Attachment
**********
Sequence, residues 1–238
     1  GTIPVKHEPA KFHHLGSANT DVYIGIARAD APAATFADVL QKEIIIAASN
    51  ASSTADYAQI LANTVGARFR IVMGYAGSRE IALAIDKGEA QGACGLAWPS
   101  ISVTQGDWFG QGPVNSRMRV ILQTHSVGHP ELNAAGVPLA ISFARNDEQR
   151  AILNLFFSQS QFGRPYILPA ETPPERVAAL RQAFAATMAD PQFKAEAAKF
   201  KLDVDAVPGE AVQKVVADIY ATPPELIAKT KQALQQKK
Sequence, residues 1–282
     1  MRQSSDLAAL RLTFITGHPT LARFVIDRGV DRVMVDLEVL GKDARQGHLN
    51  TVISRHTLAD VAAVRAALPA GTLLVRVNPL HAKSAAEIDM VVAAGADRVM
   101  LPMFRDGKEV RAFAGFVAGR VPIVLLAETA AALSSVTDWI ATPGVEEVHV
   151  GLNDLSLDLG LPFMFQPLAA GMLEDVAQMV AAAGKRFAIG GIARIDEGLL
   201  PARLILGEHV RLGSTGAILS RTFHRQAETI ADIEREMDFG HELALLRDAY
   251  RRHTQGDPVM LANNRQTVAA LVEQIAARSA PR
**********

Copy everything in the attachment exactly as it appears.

Sequence, residues 1–238
     1  GTIPVKHEPA KFHHLGSANT DVYIGIARAD APAATFADVL QKEIIIAASN
    51  ASSTADYAQI LANTVGARFR IVMGYAGSRE IALAIDKGEA QGACGLAWPS
   101  ISVTQGDWFG QGPVNSRMRV ILQTHSVGHP ELNAAGVPLA ISFARNDEQR
   151  AILNLFFSQS QFGRPYILPA ETPPERVAAL RQAFAATMAD PQFKAEAAKF
   201  KLDVDAVPGE AVQKVVADIY ATPPELIAKT KQALQQKK
Sequence, residues 1–282
     1  MRQSSDLAAL RLTFITGHPT LARFVIDRGV DRVMVDLEVL GKDARQGHLN
    51  TVISRHTLAD VAAVRAALPA GTLLVRVNPL HAKSAAEIDM VVAAGADRVM
   101  LPMFRDGKEV RAFAGFVAGR VPIVLLAETA AALSSVTDWI ATPGVEEVHV
   151  GLNDLSLDLG LPFMFQPLAA GMLEDVAQMV AAAGKRFAIG GIARIDEGLL
   201  PARLILGEHV RLGSTGAILS RTFHRQAETI ADIEREMDFG HELALLRDAY
   251  RRHTQGDPVM LANNRQTVAA LVEQIAARSA PR